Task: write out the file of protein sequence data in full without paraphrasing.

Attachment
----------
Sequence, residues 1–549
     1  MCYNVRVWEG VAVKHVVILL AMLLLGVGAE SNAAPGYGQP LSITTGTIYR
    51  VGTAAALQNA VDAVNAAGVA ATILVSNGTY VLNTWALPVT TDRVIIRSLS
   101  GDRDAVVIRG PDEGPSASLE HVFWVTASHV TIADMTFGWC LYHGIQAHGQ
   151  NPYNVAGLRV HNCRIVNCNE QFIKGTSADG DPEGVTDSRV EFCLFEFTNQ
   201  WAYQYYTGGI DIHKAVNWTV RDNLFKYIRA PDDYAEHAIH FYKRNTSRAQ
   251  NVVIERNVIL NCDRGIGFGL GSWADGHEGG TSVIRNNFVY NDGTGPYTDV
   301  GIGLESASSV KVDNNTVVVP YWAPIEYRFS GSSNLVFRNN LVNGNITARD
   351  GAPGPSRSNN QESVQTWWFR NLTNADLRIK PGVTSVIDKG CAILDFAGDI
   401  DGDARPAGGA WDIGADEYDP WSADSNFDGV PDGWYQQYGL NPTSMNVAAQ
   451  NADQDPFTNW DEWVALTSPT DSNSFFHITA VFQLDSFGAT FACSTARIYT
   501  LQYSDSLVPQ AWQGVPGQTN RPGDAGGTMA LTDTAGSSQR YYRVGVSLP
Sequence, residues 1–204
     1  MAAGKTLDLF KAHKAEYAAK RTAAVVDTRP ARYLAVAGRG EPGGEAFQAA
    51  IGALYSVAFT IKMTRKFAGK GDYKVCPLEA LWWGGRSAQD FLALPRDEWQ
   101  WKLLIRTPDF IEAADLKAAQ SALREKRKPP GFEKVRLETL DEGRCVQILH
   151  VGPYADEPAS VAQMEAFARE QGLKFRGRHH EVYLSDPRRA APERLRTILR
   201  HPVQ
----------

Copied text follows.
Sequence, residues 1–549
     1  MCYNVRVWEG VAVKHVVILL AMLLLGVGAE SNAAPGYGQP LSITTGTIYR
    51  VGTAAALQNA VDAVNAAGVA ATILVSNGTY VLNTWALPVT TDRVIIRSLS
   101  GDRDAVVIRG PDEGPSASLE HVFWVTASHV TIADMTFGWC LYHGIQAHGQ
   151  NPYNVAGLRV HNCRIVNCNE QFIKGTSADG DPEGVTDSRV EFCLFEFTNQ
   201  WAYQYYTGGI DIHKAVNWTV RDNLFKYIRA PDDYAEHAIH FYKRNTSRAQ
   251  NVVIERNVIL NCDRGIGFGL GSWADGHEGG TSVIRNNFVY NDGTGPYTDV
   301  GIGLESASSV KVDNNTVVVP YWAPIEYRFS GSSNLVFRNN LVNGNITARD
   351  GAPGPSRSNN QESVQTWWFR NLTNADLRIK PGVTSVIDKG CAILDFAGDI
   401  DGDARPAGGA WDIGADEYDP WSADSNFDGV PDGWYQQYGL NPTSMNVAAQ
   451  NADQDPFTNW DEWVALTSPT DSNSFFHITA VFQLDSFGAT FACSTARIYT
   501  LQYSDSLVPQ AWQGVPGQTN RPGDAGGTMA LTDTAGSSQR YYRVGVSLP
Sequence, residues 1–204
     1  MAAGKTLDLF KAHKAEYAAK RTAAVVDTRP ARYLAVAGRG EPGGEAFQAA
    51  IGALYSVAFT IKMTRKFAGK GDYKVCPLEA LWWGGRSAQD FLALPRDEWQ
   101  WKLLIRTPDF IEAADLKAAQ SALREKRKPP GFEKVRLETL DEGRCVQILH
   151  VGPYADEPAS VAQMEAFARE QGLKFRGRHH EVYLSDPRRA APERLRTILR
   201  HPVQ